It might be possible to work out a plan whereby all of your property will be distributed after your death without the necessity of a will. This is not to say, however, that this is desirable. Other forms of property disposition should supplement rather than replace a carefully drawn will.
By will you may provide for the disposition of all property owned by you in your name alone at the time of your death in any manner you choose (subject to the forced heirship laws of some states that prevent disinheriting a spouse and, in some cases, children). Your will cannot, however, govern the disposition of properties that pass outside your probate estate (such as joint property, life insurance, employee death benefits, etc.) unless they are payable to your estate.
Like trusts, wills can be of various degrees of complexity and can be utilized to achieve the wide range of family and tax objectives. If a will provides for the outright distribution of assets, it is sometimes characterized as a simple will. If the will establishes one or more trusts it is often called a testamentary trust will. Alternatively, the will may leave probate assets to a preexisting inter vivos trust, in which case it is called a pour over will. In either case, the purpose of the trust arrangement (as opposed to outright distribution) is to ensure continued property management and creditor protection for the surviving family members, to provide for charities, and sometimes to minimize taxes.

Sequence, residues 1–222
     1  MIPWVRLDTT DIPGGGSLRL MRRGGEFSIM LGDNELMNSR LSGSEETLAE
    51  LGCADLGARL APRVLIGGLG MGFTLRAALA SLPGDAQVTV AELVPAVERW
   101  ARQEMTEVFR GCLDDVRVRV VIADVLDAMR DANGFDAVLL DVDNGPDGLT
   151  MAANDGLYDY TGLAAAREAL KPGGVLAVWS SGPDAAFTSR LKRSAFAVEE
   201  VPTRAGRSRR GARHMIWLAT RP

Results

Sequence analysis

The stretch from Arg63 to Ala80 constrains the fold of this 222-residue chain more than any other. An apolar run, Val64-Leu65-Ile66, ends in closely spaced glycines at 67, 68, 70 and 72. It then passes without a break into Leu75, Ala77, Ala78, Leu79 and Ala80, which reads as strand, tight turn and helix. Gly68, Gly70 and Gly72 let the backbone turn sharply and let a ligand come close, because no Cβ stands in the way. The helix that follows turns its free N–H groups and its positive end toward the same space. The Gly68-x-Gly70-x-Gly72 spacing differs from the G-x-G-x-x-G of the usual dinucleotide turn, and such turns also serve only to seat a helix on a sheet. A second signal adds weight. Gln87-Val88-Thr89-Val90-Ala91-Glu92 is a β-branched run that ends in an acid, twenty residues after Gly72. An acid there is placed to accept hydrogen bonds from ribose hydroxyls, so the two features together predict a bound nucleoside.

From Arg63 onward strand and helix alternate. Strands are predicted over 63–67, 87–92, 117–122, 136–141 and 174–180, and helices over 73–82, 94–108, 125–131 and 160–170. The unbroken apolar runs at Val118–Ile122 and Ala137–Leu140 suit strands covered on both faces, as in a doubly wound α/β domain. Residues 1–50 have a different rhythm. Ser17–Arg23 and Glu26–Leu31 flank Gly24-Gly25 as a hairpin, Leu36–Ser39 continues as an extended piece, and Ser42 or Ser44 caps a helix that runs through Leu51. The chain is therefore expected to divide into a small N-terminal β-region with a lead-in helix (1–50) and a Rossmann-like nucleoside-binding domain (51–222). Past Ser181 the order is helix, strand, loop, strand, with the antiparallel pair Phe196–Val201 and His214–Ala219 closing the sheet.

Wills are signed in the presence of witnesses and certain formalities must be observed. A later amendment to a will is called a codicil and must be signed with the same formalities. In some states, the will may refer to a memorandum disposing of tangible personal property, such as furniture, jewelry, automobiles, etc., which may be changed from time to time without the formalities of a will. In many states, a will that is formally executed with the signatures notarized is deemed to be self proved and may be admitted to probate without testimony of witnesses or other additional proof.
The material presented on the Cahill Law Firm, P.A. website is intended for information purposes only. This website is not intended to constitute legal advice or the provision of legal services.
Any unauthorized use of material contained herein is at the user's own risk.
Transmission of the information and material herein is not intended to create, and receipt does not constitute, an agreement to create an attorney-client relationship with Cahill Law Firm, P.A. or any member thereof.
Michael L. Cahill is an attorney and certified public accountant providing estate planning, probate and tax services in the St. Petersburg, Seminole, Largo, Clearwater and Florida gulf beach communities.